Wednesday, September 25, 2013

The Peak Debt Twilight Zone

Updated April 2014

In light of the fact that we are now facing yet another debt ceiling brouhaha and with the Fed grappling with its own tapering issues at the same time, I thought that a few quotes from David Stockman's "The Great Deformation" are particularly pertinent.  Given that the mainstream media is playing up the political divisions over this issue rather than the practical problems that ever-mounting debt will place on the economy and that it is wonderful that the stock market is reacting positively to the continuation, however brief, of QE, we are being distracted from the real and very serious issues that are looming.

For those of you who aren't aware, David Stockman was the former Director of the Office of Management and Budget under the Reagan Administration from 1981 to 1985.  He was very controversial in Washington, resigning in August 1985 over his views that government should be smaller and that government spending growth should be reduced in line with decreases in taxation.

Let's open with some excerpts from an interview on Mises.  In that interview, Mr. Stockman notes that the Federal Reserve, under the guidance of both Mr. Greenspan and Mr. Bernanke have turned America's central bank into "a machine for fine-tuning every aspect of the economy" through an acceleration of the money supply as we can see here:

 ...and here:

In its original form, the Federal Reserve was to function as the "bankers' bank" rather than functioning as an organization that manipulates everything from mortgage rates to employment levels to economic growth as it does under its current Chairman and his predecessor.  Mr. Stockman claims that the financial crisis of 2008 - 2009 was, in large part, the product of the Fed's bubble policy.  He refers to the panic of September 2008 as the "Blackberry Panic" where Washington policy makers watched the value of Wall Street stocks plummet on their smartphones.  In reality, the impact of those falling prices had little to do with Main Street America, rather, it impacted the one percent.  Here's a quote from his Mises interview:

"The panic and bailouts that followed were really about protecting the bonuses and incomes of very wealthy and politically well-connected managers at banks and other heavily leveraged businesses that were eventually deemed too big to fail. What followed was a massive transfer of wealth from the taxpayers and middle-class savers, in the form of bailouts and zero interest rates on bank deposits imposed by the Fed, to the so-called One Percent.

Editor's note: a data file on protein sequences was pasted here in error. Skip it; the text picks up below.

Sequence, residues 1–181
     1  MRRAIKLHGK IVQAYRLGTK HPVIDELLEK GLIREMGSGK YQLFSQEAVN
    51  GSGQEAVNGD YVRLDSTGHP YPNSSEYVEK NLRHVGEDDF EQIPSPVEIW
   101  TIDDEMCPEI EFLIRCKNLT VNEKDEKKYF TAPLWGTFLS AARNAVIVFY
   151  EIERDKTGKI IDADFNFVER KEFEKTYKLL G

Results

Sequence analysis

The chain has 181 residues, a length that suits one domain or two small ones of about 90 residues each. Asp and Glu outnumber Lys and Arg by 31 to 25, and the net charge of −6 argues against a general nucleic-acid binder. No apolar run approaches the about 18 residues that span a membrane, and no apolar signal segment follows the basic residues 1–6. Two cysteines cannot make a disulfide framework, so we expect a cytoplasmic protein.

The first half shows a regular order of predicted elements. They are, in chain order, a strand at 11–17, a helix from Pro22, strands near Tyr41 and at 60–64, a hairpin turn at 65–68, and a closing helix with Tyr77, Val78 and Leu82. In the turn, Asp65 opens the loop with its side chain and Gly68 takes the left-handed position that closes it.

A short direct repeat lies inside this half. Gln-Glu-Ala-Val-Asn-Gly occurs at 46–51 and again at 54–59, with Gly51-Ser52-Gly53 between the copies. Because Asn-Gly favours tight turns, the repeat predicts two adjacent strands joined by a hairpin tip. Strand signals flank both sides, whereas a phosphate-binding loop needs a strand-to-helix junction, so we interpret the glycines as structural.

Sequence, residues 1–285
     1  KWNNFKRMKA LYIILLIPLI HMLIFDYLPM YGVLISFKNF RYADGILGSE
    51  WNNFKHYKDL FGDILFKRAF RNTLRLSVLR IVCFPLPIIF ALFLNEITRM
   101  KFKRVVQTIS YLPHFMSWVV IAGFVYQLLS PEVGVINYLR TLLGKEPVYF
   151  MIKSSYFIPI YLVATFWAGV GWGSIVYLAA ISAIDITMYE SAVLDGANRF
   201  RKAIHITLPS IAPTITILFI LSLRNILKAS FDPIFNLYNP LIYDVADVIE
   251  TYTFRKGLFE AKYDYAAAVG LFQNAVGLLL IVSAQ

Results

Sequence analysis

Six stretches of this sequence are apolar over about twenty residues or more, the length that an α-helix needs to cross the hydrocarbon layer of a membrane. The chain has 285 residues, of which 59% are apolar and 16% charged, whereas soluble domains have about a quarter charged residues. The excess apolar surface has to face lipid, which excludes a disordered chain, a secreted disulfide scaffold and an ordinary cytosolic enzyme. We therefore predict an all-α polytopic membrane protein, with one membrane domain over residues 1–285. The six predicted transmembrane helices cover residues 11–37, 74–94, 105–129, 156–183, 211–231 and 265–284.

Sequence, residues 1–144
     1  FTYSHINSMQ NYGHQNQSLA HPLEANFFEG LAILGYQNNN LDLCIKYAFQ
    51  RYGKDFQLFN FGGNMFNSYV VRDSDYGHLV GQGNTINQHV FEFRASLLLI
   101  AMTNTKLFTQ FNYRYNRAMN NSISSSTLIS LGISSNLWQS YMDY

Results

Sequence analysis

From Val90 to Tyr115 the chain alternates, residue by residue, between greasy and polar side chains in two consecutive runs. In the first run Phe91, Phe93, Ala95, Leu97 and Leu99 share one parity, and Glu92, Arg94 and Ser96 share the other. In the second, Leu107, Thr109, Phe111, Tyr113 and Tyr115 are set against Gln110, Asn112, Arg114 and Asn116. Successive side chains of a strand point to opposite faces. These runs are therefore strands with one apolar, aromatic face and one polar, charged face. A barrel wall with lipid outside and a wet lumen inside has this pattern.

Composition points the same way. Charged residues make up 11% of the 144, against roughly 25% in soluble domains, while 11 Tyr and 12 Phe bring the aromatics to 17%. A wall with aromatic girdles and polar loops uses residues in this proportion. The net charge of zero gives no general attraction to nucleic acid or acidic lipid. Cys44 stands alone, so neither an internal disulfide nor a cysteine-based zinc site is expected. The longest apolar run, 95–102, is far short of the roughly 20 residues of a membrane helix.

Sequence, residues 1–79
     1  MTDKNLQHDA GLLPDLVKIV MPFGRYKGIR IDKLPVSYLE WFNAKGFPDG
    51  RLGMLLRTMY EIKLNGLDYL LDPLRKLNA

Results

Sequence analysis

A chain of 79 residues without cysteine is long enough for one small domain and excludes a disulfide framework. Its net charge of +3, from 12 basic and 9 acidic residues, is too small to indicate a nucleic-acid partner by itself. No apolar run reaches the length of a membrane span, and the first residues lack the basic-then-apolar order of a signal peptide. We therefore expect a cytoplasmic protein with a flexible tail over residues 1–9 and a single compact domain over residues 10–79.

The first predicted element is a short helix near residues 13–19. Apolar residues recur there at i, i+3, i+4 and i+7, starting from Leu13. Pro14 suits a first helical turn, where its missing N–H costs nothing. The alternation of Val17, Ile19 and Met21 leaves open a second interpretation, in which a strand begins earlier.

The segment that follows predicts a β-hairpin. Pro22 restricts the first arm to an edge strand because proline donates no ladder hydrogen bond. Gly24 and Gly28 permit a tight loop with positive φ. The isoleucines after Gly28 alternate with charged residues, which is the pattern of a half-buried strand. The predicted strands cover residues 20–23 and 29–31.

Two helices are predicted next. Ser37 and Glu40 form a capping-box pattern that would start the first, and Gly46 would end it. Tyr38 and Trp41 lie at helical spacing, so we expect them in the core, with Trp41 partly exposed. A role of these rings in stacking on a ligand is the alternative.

As I show in my book, none of this was necessary to save the larger economy, since the losses that would have taken place as a result of the collapse would have been largely limited to Wall Street. What the bailouts did was preserve the wealth of wealthy and powerful Wall Street players. Meanwhile, we’ve seen no real economic recovery in the rest of the economy.
This transfer of wealth continues, by the way, in the form of relentlessly low interest rates, and an ongoing war by the Fed on safe and stable investment tools such as savings accounts and low-risk bonds. Indeed, this is a deliberate policy to get people away from these safer investments, and to get them investing in more volatile and higher yield investments. The idea is that the Fed can somehow force bigger returns on these riskier investments, and this will lead to a wealth effect. People will then think they’re richer, and we can then spend ourselves into a recovery. This is a terrible doctrine, but that’s what rules Washington right now. It actively works against middle-class people who want to work and save and invest their money responsibly and conservatively."
Now, what does Mr. Stockman have to say about the looming debt ceiling issue.  Here is a quote from his book:
"The proximate cause of this recession waiting to happen is the federal government’s unfolding encounter with Peak Debt. The latter is not a magical statistical point such as a federal debt ratio of 100 percent of GDP, but a condition of permanent crisis. From the failed election of 2012 forward, every dollar of additional borrowing will induce new political and financial pressures while every dollar of spending cuts and tax increases will further impair the rate of GDP growth.
The mainstream notion that there is a choice between fiscal austerity and fiscal stimulus is wishful thinking. It does not recognize that owing to the triumph of crony capitalism and printing-press money America has become a failed state fiscally. Deficits and debt have now reached the point where they are too large and too embedded in social, economic, and political realities to be resolved. Accordingly, what passes for fiscal governance will become a political gong show that will make the New Deal contretemps pale by comparison.